Sunday, 9 December 2012

Fox Invasion Threatens Wave of Extinction in Tasmania


ScienceDaily (Dec. 4, 2012) — The effort to stop the irreversible spread of foxes in Tasmania is at a critical stage with many native species at risk of extinction, new research by University of Canberra ecologists and their collaborators published in the British Ecological Society’s Journal of Applied Ecology shows.

Using DNA detection techniques developed at the University, the team mapped the presence of foxes in Tasmania, predicted their spread and developed a model of their likely distribution as a blueprint for fox eradication, but swift and decisive action is needed.

University of Canberra professor in wildlife genetics and leader of the team, Stephen Sarre, found foxes are widespread in northern and eastern Tasmania and the model developed by his team forecasts they will spread even further with likely devastating consequences for the island’s wildlife.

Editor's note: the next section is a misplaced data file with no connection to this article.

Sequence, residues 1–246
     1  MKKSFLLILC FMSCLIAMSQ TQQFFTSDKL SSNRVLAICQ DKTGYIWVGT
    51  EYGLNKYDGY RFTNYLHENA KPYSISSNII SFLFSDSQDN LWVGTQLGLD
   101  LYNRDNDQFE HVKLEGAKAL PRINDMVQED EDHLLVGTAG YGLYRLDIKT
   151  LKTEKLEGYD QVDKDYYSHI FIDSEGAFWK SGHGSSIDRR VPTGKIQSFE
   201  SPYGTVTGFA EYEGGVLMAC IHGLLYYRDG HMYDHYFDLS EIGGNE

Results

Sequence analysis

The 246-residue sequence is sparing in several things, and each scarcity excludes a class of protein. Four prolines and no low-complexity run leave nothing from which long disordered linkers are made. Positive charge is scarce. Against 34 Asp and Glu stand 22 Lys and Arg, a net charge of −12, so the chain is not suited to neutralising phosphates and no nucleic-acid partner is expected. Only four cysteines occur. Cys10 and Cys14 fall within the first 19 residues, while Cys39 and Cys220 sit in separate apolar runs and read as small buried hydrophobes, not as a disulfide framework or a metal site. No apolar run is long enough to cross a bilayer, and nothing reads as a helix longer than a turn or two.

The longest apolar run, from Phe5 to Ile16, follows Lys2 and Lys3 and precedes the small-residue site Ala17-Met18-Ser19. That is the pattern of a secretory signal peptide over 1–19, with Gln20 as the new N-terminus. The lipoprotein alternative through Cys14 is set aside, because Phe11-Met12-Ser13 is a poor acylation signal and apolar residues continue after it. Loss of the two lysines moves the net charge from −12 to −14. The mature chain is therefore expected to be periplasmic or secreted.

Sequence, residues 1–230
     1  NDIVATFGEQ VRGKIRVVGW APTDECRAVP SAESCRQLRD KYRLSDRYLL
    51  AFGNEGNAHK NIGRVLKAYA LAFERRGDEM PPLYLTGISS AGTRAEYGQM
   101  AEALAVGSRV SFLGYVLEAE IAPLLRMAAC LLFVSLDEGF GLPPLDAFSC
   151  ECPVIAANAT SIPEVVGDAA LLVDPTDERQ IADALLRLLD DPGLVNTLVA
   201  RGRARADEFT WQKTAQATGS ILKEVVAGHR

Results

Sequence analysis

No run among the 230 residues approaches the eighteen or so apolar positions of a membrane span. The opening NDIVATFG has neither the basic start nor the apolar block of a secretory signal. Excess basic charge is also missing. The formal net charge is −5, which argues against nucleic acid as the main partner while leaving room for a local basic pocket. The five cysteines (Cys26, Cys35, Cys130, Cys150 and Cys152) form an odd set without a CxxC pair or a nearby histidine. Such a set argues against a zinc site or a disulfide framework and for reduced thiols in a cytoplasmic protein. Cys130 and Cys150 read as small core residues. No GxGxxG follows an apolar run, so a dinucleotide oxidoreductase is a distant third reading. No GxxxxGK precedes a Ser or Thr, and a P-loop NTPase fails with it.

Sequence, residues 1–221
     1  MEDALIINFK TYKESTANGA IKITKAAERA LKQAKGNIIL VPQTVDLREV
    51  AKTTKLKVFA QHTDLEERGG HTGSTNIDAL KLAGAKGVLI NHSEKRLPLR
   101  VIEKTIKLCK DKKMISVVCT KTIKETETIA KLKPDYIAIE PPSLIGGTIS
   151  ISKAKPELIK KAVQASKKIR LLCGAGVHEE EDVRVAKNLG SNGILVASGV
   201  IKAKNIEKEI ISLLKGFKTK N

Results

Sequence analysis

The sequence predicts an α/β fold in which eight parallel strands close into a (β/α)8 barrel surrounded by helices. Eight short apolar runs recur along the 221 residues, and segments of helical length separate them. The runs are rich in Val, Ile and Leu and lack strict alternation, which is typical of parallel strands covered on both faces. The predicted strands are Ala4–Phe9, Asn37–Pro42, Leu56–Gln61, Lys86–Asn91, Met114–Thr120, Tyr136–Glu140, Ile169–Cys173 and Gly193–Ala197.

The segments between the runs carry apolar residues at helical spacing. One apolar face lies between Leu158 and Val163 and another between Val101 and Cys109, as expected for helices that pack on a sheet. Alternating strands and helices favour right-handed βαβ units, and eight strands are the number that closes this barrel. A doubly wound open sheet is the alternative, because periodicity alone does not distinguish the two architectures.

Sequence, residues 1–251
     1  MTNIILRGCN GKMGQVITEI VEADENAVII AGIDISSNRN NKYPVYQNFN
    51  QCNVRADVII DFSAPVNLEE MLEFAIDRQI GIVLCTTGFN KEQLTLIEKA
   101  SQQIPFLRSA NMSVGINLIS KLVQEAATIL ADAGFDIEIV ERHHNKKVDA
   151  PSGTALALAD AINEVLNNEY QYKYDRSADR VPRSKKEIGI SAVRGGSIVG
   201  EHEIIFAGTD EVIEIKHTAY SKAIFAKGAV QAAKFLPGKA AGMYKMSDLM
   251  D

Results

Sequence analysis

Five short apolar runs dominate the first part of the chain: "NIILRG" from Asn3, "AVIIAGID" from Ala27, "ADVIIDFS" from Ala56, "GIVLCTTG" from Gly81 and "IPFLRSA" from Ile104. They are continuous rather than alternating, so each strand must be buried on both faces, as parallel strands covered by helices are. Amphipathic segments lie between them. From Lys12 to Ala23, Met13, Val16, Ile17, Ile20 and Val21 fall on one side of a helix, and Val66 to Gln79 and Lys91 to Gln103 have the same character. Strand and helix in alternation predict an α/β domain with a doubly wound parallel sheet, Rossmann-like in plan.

“There’s nothing fantastic about foxes being in Tasmania. If we allow them to establish themselves we could see a catastrophic wave of extinction across the island,” Professor Sarre said.

“This research shows foxes are on the verge of becoming irreversibly present in Tasmania,” he said. “Their apparent widespread distribution indicates that the eradication effort is at a critical point and that there is no time to lose.”

Professor Sarre and colleagues used forensic DNA tests combined with collections of fox scats to detect and map the distribution of the predator in Tasmania.

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